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The evolution of climate change activism

NEW YORK (Axios): The new(ish) group Law Students for Climate Accountability just launched a pressure campaign against the heavyweight law firm Gibson Dunn over its work for oil industry clients.

Why it matters: It’s just one of many examples of how climate activism has been tactically evolving in recent months and years.

That includes taking aim at a wider suite of corporate targets, like PR agencies and Big Tech, and intensifying a yearslong focus on the finance sector.

What we’re watching: Here’s more of what we’ve seen, though it’s hardly an exhaustive list:

1. PR and ad agencies. The Clean Creatives campaign launched in late 2020 is trying to make it uncomfortable for public relations and advertising agencies to work with fossil clients. The NYT recently dug in.

2. Wall Street. Activists have created new coalitions, such as BlackRock’s Big Problem, an umbrella group formed in 2018 that pushes the asset management giant to do more.

Environmental groups have recently been increasing pressure on private equity heavyweights like Apollo Global Management to decarbonize their portfolios.

To be sure, banking and finance sectors have for many years been targets of pressure to divest from fossil companies, curb lending and more. But the efforts are getting bigger and evolving.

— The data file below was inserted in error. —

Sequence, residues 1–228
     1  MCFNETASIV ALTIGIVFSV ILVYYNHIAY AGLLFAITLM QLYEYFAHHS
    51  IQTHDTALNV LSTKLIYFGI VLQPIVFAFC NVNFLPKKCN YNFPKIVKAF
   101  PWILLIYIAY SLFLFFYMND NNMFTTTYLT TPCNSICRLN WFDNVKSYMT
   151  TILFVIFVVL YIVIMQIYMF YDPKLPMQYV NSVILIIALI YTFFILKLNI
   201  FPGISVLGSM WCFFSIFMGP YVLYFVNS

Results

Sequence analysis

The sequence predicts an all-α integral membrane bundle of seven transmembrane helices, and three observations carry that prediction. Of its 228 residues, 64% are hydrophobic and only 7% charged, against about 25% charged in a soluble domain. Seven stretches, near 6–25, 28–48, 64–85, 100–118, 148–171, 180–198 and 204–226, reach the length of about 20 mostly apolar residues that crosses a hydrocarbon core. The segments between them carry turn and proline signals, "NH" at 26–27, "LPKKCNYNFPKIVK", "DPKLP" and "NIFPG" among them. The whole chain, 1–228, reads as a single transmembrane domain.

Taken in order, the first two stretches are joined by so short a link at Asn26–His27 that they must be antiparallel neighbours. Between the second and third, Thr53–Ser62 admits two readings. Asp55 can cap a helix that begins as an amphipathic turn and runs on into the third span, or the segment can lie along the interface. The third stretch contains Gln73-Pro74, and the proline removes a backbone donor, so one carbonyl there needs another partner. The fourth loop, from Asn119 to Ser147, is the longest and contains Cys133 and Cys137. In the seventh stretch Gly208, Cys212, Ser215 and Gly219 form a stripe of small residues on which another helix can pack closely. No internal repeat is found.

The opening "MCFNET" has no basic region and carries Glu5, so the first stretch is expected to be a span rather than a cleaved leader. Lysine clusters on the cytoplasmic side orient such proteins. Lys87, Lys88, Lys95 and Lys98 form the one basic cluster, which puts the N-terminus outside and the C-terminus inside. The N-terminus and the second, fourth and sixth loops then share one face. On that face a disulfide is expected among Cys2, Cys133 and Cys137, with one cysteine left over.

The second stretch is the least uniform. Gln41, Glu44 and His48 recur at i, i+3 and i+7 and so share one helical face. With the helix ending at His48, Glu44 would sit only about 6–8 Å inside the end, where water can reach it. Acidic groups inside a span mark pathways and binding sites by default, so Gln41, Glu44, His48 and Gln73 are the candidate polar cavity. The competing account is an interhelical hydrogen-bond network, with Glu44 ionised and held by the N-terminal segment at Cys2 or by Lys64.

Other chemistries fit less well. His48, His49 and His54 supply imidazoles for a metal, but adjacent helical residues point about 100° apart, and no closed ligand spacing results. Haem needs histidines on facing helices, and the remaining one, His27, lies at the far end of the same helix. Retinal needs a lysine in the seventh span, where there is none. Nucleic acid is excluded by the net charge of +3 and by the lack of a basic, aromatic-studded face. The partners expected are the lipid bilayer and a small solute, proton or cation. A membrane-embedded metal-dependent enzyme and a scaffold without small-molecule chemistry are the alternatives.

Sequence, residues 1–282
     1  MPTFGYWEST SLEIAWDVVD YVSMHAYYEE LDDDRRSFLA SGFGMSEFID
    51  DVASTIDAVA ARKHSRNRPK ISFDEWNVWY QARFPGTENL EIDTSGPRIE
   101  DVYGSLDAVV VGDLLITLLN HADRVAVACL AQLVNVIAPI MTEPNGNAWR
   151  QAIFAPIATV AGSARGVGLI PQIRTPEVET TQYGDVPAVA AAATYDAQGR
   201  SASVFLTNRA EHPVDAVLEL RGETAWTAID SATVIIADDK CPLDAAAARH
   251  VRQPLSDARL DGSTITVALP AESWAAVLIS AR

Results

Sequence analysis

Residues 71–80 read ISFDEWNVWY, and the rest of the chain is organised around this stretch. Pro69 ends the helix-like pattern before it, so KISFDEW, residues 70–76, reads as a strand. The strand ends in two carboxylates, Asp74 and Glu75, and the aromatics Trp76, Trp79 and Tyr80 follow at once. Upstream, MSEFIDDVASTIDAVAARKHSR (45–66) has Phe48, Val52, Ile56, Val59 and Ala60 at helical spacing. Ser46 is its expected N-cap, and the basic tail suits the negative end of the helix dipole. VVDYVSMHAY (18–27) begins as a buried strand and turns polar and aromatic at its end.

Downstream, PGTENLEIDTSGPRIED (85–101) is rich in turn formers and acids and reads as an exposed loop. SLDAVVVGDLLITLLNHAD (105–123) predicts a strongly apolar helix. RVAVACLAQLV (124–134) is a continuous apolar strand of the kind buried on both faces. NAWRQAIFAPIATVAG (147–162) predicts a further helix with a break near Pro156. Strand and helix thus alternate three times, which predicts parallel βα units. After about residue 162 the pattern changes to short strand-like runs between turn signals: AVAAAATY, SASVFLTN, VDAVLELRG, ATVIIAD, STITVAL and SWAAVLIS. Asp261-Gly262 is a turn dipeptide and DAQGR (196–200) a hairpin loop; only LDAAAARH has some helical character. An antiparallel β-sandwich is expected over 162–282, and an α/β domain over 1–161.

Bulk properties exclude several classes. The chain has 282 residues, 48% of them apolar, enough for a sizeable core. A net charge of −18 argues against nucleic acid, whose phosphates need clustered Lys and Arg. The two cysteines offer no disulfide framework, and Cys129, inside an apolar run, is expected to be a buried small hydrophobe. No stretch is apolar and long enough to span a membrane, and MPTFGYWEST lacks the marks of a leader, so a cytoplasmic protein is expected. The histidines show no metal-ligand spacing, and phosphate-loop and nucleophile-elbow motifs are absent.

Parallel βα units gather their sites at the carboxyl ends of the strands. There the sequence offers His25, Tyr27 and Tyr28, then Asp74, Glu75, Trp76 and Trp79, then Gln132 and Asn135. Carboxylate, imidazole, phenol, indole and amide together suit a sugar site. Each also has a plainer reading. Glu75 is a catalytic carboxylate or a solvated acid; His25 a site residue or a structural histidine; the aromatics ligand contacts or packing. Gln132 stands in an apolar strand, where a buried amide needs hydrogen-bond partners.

3. Twitter push back. Climate essayist Mary Annaïse Heglar has helped popularize pushing back against Big Oil Twitter accounts, or “greentrolling.”

4. Big Tech: Recent years have brought new and organized criticism of tech behemoths over business lines tailored to oil companies and emissions more broadly.

5. Racial justice. The disproportionate environmental burdens and risks that communities of color face have for decades been the focus of some groups.

But the links between climate and racial equity are now getting more focus, with the police killing of George Floyd underscoring their salience.

6. Social media practices. Environmentalists have been pressing Facebook and YouTube to stem the flow of climate misinformation.

7. The courts and agencies. A growing number of cities and states have been suing Big Oil companies to hold them liable for costs they incur from climate change, without success so far.

Environmentalists recently targeted Chevron’s marketing with what they called a novel Federal Trade Commission complaint.

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